As I mentioned yesterday, this morning's editorial is calling for the contract between the Milwaukee Public Schools and its union, the Milwaukee Teachers Education Association, to go to arbitration.
Though later they say something conciliatory like "let's realize that everything must be on the table," this and the paper's recent history make it clear that the only thing they give a hoot about is one change that will ultimately be useless and that ignores the larger context of MPS's budget problems.
Arbitration, the editorialists write, "is the best option unless the Milwaukee School Board and teachers union agree on moving employees into a less-expensive health care option." To clarify, MPS teachers and most other employees have a choice between two different insurance plans, an HMO and PPO. What's available in these two plans is public, as the MTEA has posted it on their website (.pdf). The PPO is a better deal, mostly because of somewhat higher limits and more choice of doctors, though out-of-pocket costs are higher.
This is all frustrating, because it is pretty clear that the editorial board does not read its own reporting. Start with the report Amy Hetzner filed just last year on area school district salary and compensation. Hetzner's analysis found that average MPS salaries were very low for the region. Its fringe benefit package, though high, brought the full compensation package for MPS to merely middle of the road. To pretend that these benefits are the root of the problem, or are the most important factor in creating the current MPS budget distress, is ridiculous. If MPS's compensation package were truly the bane that the editorial board believes, then area school districts that compensate their teachers better would be falling apart far worse than MPS--and clearly, they are not. (Not to suggest that all local school districts are looking at rosy pictures next year; they are not. But they are not looking at challenges on a scale that MPS is.)
In addition, the low average salary identified by Hetzner contributes significantly to the shocking statistic that the editorializers perseverate upon: "The district pays 74.2 cents in benefits of every dollar it pays its employees in salary," they note. First, they do not clarify that MPS calculates this number using not just negotiated benefits--health insurance, for example--but adding on Social Security and Medicare taxes, state-mandated pension deductions, and other items that are not contractually negotiated. Second, remember your fractions: The low average salary--which would be the denominator, the bottom number--means that any increase in the benefit level--which would be the numerator, the top number--is amplified artificially.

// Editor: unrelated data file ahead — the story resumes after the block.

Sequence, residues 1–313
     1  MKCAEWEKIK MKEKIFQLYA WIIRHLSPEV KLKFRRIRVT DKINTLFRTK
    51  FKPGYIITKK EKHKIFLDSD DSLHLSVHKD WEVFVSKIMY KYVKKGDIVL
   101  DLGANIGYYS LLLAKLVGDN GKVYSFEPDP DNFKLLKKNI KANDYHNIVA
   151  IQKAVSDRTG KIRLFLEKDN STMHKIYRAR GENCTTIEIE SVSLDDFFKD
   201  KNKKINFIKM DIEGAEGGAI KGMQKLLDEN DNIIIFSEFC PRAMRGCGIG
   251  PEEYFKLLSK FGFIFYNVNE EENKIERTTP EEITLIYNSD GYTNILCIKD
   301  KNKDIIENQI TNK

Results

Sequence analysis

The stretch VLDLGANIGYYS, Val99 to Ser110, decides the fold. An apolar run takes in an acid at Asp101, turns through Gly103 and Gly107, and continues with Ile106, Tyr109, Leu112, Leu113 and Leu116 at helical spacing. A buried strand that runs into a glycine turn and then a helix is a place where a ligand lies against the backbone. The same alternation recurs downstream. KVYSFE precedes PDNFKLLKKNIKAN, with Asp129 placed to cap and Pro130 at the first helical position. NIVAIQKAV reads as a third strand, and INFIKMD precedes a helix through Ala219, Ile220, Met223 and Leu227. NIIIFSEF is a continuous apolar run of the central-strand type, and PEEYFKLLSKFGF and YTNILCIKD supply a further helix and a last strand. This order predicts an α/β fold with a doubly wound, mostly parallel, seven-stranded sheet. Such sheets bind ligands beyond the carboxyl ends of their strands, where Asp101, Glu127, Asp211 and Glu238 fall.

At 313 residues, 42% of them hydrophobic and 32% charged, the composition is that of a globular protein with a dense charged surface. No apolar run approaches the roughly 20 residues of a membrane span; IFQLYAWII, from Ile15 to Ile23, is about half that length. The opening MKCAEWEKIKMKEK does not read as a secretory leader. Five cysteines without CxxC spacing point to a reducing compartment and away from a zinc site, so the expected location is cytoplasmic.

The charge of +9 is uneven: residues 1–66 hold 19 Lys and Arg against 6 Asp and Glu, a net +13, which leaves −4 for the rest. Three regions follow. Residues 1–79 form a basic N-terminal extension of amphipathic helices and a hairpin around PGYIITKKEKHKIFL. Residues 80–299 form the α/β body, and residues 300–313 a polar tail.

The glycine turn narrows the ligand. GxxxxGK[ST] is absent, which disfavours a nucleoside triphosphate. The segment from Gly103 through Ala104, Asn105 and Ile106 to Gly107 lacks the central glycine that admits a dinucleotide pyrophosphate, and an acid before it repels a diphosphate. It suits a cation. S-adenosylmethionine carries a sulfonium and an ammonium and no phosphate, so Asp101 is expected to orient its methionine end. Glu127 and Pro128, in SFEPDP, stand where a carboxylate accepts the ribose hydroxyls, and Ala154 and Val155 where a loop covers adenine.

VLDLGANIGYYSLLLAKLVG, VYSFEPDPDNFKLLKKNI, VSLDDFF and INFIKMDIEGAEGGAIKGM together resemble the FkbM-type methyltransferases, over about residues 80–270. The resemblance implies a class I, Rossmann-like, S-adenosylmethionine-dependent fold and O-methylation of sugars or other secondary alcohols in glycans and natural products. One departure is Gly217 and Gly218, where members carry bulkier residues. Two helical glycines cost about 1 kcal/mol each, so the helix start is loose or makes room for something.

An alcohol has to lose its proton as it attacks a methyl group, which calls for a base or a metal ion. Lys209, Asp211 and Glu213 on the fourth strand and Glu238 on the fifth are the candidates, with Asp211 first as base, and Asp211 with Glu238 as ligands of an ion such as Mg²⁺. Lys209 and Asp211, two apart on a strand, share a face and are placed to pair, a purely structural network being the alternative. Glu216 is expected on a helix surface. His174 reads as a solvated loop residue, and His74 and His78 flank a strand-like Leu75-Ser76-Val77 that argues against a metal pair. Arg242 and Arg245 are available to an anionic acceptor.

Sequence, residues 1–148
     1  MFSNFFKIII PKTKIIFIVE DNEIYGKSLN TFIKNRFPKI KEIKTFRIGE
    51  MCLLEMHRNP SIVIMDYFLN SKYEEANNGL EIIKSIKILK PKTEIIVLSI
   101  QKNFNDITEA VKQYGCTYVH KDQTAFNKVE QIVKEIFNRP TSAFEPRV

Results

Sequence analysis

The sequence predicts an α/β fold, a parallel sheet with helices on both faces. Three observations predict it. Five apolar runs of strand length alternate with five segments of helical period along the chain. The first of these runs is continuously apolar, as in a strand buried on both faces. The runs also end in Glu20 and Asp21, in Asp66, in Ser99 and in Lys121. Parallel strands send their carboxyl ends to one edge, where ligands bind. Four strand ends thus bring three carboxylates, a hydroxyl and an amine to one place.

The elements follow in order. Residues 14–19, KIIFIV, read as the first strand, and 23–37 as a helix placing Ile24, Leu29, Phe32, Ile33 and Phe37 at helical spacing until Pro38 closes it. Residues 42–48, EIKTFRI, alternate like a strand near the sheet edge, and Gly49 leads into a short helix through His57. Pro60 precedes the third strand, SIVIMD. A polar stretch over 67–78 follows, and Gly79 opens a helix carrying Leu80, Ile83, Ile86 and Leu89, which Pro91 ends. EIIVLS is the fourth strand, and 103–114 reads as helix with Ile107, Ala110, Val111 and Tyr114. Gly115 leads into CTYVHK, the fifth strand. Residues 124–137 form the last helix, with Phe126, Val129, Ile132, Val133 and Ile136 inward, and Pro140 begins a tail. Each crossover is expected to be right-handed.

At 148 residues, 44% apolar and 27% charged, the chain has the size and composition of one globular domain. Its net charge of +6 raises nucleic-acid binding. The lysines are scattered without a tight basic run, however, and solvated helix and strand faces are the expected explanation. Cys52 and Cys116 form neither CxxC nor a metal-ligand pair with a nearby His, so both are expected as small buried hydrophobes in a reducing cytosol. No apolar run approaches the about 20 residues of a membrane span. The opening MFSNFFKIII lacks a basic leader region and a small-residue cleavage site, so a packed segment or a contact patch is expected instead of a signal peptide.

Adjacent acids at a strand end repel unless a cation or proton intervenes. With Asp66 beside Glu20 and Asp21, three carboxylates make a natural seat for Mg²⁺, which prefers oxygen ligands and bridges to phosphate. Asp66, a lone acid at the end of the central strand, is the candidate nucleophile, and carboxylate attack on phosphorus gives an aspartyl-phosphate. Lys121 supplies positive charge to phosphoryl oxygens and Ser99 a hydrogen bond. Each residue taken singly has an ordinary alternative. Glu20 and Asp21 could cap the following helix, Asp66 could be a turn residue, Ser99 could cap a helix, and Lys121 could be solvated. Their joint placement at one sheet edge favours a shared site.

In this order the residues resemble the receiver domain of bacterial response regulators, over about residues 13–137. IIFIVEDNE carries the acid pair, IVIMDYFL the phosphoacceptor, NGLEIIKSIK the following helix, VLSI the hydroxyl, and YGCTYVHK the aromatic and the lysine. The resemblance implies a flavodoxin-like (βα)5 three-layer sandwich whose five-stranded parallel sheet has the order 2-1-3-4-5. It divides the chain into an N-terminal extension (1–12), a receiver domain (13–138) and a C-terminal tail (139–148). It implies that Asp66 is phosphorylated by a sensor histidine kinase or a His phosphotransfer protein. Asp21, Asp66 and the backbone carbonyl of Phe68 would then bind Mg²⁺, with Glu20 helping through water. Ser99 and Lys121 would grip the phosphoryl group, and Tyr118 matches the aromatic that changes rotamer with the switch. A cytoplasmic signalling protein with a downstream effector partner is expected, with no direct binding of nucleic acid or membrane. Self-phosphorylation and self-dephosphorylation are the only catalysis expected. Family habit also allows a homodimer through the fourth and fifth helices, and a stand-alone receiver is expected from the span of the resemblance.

This is true because MPS teachers, like teachers all over the state of Wisconsin, have opted to trade salary increases for mere maintenance of health insurance. Indeed, a quick check of national statistics bears this out. Wisconsin currently ranks 20th in average salary and 49th in starting salary. That site notes the 10-year increase, and Wisconsin ranks 43rd--meaning 42 states increased teachers' salaries more in the last ten years than we did. Going back to 1990, note that the average Wisconsin salary has increase by a mere $13,000; our neighbors in Minnesota saw their salaries double. Illinois and Michigan and even Iowa all beat us in salary increases. Spencer Coggs, when I spoke to him last week, put it to me this way, and I think it makes sense: Wisconsin teachers--and Milwaukee teachers, in particular--guessed correctly over the last 20 years that what would be valuable is not salary but health insurance. And people now want to punish us for getting it right.
In Milwaukee, this is particularly galling: We already have the most challenging teaching assignment in the metro area, with just about the lowest average salary--particularly apparent for teachers who have the most experience and the highest levels of training--and live in the most expensive health care market in the midwest. The one good thing we have left going for us, an ability to negotiate that market with peace of mind, is the target.
And here's the kicker: Changing the health plan from PPO to HMO isn't going to save much money at all: The district offered an estimate a while ago, noted by the editorial board here: "An estimated $47 million in health care savings could spare 400 teaching jobs." Their math is right on how much teachers cost, but the "estimated" savings is nowhere near accurate. The way MPS arrived at the number was to take the average cost of an employee on the HMO and subtract that from the average cost of an employee on the PPO, multiplied by the number of employees on the PPO. Problem is, the average cost of an employee on the HMO will shoot right up if all of us are on that plan. Why? Because the costs are based on actual utilization, and employees who choose the PPO do so generally because they have higher-cost or more challenging needs. Those health issues will not magically go away under the HMO, and MPS will still find itself paying for that care. In addition, the HMO requires no annual deductible or co-insurance or cop-pays.
The real fault lies in the fact that the cost of meeting the needs of MPS's students--and students around the state--are increasing for everyone faster than the rate at which the state or the federal government or even local taxpayers are prepared to meet. (More on that tomorrow.) To take this uncomfortable reality and use it as a bludgeon against the people on the front lines and doing the hard work of teaching the state's most difficult students is an offense against common sense and decency. Especially when the facts line up against the editorial board's ridiculous position.